Tim Berners Lee: Inventor of the World Wide Web by developing an easy way to navigate the Internet through the use of linked text (hypertext). (6.4)

Virtual Private Network: A method employing encryption to provide secure access to a remote computer over the Internet. (6.8)

VoIP: Voice Over IP. A methodology and group of technologies for the delivery of voice communications and multimedia sessions over Internet Protocol (IP) networks. (6.7)

WAN: A Wide Area Network, telecommunications network or computer network that extends over a large geographical area. (6.3)

Web 2.0: The second stage of development of the World Wide Web, characterized especially by the change from static web pages to dynamic or user generated content and the growth of social media. (6.4)

Web 3.0: A third phase in the evolution of the World Wide Web, based on the idea that the Internet ‘understands’ the pieces of information it stores and is able to make logical connections between them. (6.4)

Web 4.0 The fourth phase in the evolution of the World Wide Web is referred to as the intelligent web and will involve the Internet of Things and connected devices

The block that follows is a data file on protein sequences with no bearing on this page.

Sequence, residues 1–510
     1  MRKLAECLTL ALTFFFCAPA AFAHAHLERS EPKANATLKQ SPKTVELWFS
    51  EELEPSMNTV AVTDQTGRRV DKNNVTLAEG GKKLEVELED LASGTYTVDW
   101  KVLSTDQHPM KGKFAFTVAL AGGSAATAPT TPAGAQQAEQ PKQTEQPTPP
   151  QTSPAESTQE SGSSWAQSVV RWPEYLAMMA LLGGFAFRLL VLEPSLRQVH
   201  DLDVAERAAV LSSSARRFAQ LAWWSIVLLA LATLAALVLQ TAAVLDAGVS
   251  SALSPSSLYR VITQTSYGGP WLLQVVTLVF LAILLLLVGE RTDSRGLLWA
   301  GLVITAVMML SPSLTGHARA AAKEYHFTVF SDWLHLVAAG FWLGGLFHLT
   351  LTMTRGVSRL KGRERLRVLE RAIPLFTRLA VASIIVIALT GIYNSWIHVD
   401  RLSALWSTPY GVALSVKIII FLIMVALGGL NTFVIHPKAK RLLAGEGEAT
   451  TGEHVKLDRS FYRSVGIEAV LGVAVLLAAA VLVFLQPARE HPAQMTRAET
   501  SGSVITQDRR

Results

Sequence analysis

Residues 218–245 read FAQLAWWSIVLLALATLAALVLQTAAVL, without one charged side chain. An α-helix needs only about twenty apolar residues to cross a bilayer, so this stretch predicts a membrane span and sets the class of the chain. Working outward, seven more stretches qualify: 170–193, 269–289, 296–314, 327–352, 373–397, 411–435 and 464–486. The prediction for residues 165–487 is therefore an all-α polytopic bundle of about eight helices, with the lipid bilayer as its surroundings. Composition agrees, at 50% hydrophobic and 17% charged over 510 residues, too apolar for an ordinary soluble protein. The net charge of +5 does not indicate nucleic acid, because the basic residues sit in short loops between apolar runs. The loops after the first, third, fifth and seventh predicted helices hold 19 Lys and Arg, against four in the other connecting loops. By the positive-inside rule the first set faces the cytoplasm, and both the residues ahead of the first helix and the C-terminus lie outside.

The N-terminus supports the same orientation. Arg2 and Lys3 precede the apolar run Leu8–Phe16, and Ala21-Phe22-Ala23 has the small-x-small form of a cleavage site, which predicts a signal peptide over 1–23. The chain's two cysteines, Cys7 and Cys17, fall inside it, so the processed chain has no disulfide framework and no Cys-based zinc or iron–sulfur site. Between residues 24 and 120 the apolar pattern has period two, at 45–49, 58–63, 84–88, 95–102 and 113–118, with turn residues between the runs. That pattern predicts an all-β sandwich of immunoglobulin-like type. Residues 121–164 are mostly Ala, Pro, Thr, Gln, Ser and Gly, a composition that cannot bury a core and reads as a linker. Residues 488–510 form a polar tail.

WiFi: A facility allowing computers, smartphones, or other devices to connect to the Internet or communicate with one another wirelessly within a particular area. (6.7)

World Wide Web: Simply one piece of the Internet made up of web servers that have HTML pages that are being viewed on devices with web browsers. (6.4)

Adapted from Information Systems for Business and Beyond Glossary by Ruth Guthrie licensed under a CC-BY-3.0


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Information Systems for Business and Beyond Copyright © 2022 by Shauna Roch; James Fowler; Barbara Smith; and David Bourgeois is licensed under a Creative Commons Attribution-NonCommercial-ShareAlike 4.0 International License, except where otherwise noted.